The 850 was launched in the sporty GLT version, with a 20-valve naturally aspirated engine producing 170 hp. The introductory price on the Swedish market was 187,900 kronor “ready for the road” – it was keenly priced midway between the 940 and 960 – so its sales success was assured right from the outset, even on Volvo’s most important export market, the USA. Car tests the world over delivered a unanimous verdict: the new Volvo appealed to everyone and the 850 reaped a formidable harvest of international awards – almost 50 all told.
Model range with many variants
In true Volvo fashion the model quickly underwent considerable development in terms of both breadth and depth in order to appeal to a wide customer base. By summer 1992, in time for model year 1993, a somewhat detuned model known as the GLE was introduced, featuring a 10-valve version of the five-cylinder engine producing 140 hp. Half a year later an estate car version of the GLT and GLE hit the showrooms, packed with innovative solutions to enhance both flexibility and safety.
The estate model was the first to feature large vertical tail lamp stacks that covered the entire D-pillar from the lower edge of the tailgate window all the way up to the roof line, a solution that Volvo’s five-door cars still use.
In time for the 1994 model year the company launched a high-performance model known as the 850 Turbo (or T-5 as it was known outside Sweden) together with somewhat gentler body lines with altered bumper contours for all versions.
The Turbo model delivered 225 hp and 300 Nm of torque, and if that was not enough an even higher-performance version was unveiled at the Geneva motor show in 1994: the 850 T-5R in eye-catching yellow livery. The limited production run of 2500 cars with the 240 hp engine was swallowed up immediately and was succeeded by 2500 cars in black, which also disappeared from showrooms at a rapid pace, followed finally by the last run of 2500 dark green T-5R cars.
Later that year another world-first was introduced in the 850 Series: side airbags integrated in the front seats – a feature known as the SIPS bag that soon made its way into the rest of the Volvo range.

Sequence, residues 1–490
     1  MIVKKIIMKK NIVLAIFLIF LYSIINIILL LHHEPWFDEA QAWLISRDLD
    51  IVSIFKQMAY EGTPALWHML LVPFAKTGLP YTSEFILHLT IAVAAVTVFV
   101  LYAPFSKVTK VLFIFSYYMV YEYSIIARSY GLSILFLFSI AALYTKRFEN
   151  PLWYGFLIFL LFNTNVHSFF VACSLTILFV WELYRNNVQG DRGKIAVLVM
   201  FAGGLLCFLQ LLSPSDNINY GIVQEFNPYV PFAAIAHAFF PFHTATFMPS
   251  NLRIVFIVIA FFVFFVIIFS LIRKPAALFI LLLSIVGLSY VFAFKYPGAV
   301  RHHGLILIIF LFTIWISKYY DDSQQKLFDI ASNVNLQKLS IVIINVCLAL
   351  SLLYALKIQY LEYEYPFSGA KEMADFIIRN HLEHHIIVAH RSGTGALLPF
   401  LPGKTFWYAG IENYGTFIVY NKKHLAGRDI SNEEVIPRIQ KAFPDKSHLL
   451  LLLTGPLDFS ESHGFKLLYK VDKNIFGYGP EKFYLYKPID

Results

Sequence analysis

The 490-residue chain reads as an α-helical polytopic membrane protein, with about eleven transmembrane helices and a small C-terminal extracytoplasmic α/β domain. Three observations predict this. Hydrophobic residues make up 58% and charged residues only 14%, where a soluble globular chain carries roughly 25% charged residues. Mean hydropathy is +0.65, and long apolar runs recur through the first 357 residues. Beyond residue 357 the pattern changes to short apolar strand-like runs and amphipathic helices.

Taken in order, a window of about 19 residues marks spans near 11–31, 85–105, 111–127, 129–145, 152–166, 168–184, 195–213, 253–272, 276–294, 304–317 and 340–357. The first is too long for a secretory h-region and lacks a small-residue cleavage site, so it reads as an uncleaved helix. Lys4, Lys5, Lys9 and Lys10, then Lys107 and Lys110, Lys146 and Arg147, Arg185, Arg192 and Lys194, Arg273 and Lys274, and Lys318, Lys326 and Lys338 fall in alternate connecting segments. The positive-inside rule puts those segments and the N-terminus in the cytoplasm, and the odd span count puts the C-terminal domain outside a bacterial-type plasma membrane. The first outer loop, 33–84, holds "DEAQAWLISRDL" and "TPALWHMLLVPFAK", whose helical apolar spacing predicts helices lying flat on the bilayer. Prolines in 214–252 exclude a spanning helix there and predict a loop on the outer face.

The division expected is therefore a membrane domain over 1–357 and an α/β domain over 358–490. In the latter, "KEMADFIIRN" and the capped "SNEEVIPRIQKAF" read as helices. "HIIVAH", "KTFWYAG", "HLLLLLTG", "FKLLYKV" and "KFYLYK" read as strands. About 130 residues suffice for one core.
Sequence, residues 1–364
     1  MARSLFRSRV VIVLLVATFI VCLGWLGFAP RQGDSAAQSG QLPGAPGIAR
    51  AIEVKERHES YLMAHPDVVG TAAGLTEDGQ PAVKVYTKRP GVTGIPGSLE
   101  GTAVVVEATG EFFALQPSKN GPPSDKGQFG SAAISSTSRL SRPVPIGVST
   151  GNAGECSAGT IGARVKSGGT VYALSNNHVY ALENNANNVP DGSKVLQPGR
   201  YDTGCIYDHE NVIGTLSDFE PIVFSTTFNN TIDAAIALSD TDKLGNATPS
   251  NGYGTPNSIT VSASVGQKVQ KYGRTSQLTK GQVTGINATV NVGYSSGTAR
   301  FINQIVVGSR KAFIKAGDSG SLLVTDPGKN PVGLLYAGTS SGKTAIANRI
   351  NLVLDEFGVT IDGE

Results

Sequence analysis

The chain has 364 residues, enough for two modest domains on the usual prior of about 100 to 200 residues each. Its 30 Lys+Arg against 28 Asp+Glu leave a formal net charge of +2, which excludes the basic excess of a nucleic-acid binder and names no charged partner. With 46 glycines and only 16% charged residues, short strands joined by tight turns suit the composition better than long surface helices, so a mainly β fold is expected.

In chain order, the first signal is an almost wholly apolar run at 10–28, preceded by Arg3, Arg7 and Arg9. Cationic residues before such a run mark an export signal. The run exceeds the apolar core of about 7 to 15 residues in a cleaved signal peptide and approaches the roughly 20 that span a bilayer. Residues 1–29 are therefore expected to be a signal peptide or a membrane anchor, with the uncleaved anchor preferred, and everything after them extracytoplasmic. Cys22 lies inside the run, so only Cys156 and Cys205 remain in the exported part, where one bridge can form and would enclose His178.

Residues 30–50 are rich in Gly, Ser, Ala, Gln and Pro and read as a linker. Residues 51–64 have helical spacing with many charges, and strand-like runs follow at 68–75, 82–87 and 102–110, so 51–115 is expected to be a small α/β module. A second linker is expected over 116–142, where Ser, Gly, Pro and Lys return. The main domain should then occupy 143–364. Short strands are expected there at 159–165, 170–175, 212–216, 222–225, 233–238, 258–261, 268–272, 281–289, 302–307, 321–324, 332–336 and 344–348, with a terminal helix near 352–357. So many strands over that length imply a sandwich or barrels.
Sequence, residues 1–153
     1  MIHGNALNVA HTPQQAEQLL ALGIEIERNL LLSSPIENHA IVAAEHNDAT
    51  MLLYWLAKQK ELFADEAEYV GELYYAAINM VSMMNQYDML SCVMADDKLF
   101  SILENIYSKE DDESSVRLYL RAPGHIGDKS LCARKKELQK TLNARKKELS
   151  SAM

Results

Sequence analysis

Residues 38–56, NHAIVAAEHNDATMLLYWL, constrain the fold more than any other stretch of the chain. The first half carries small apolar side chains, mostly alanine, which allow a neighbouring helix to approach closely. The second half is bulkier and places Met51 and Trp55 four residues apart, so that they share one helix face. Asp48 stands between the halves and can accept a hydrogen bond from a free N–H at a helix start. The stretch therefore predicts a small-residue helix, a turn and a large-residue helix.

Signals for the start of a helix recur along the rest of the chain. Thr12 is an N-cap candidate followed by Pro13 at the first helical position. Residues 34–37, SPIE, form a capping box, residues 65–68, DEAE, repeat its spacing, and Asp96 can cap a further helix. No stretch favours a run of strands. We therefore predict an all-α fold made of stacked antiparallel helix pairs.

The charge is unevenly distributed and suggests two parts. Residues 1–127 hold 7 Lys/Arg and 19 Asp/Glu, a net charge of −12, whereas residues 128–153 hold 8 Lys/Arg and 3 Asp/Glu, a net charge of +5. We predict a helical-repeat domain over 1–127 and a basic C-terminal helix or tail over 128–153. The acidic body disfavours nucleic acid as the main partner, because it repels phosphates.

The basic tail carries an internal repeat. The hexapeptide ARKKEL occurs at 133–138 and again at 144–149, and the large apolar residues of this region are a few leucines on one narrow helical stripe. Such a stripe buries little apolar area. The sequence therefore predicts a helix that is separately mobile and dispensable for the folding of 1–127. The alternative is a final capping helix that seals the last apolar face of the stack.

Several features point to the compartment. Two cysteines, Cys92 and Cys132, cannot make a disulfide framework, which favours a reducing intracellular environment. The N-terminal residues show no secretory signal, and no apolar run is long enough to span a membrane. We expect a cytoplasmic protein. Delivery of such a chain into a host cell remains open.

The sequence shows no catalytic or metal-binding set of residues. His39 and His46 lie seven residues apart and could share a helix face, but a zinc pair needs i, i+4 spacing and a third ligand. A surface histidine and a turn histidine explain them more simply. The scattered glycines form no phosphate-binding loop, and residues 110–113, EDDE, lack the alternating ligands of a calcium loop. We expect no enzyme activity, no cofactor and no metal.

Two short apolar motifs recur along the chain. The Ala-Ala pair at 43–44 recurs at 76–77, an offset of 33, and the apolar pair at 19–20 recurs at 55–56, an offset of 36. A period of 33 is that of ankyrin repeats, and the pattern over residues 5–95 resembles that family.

Increased demand for more horsepower and higher torque was met with the 1996 models: the 850 R with 250 hp and the 850 TDI which was powered by a five-cylinder diesel engine. Another very pleasant addition to the 850 Series was the 193 hp light-pressure turbo that was installed in another variant that broke new ground for forthcoming Volvo models: the four-wheel drive 850 AWD.
1996 was also the last year for production of cars with the “850” badge. In November the 1997 model range was launched as the S70 sedan and V70 estate car. This new updated generation was also the first to use Volvo Car Corporation’s new model nomenclature. In terms of appearance they resembled their 850 predecessor but under the skin there were major changes.
Between 1991 and 1997 no less than 716,903 cars bearing the 850 badge were sold, and the last Volvo models to be built on this “old” technical platform were the C70 coupe and convertible in 2005.
Investment for the long term
It has been said that the Volvo 850 with its 15 billion kronor investment bill was the largest Swedish industrial project ever at the time. That is correct, but also not entirely true. This was not the price tag for the car but for Volvo Car Corporation’s future: the figure encompassed not only an entirely new technical platform but also, crucially, investments in production technology and plants, such as the all-new Skövde engine factory that today supplies Volvo Car Corporation with engines that are a further development of the modular units developed for the Galaxy project. The 850 thus completely reshaped Volvo’s product strategy – and indirectly continues to do so to this day.
No single Volvo model has meant as much to the company from the viewpoint of technical innovation as the Volvo 850 did. It was a car that in many respects was far ahead of its time yet in other respects was exactly right for its time. It was launched 20 years ago – and with its launch Volvo Car Corporation entered a new era.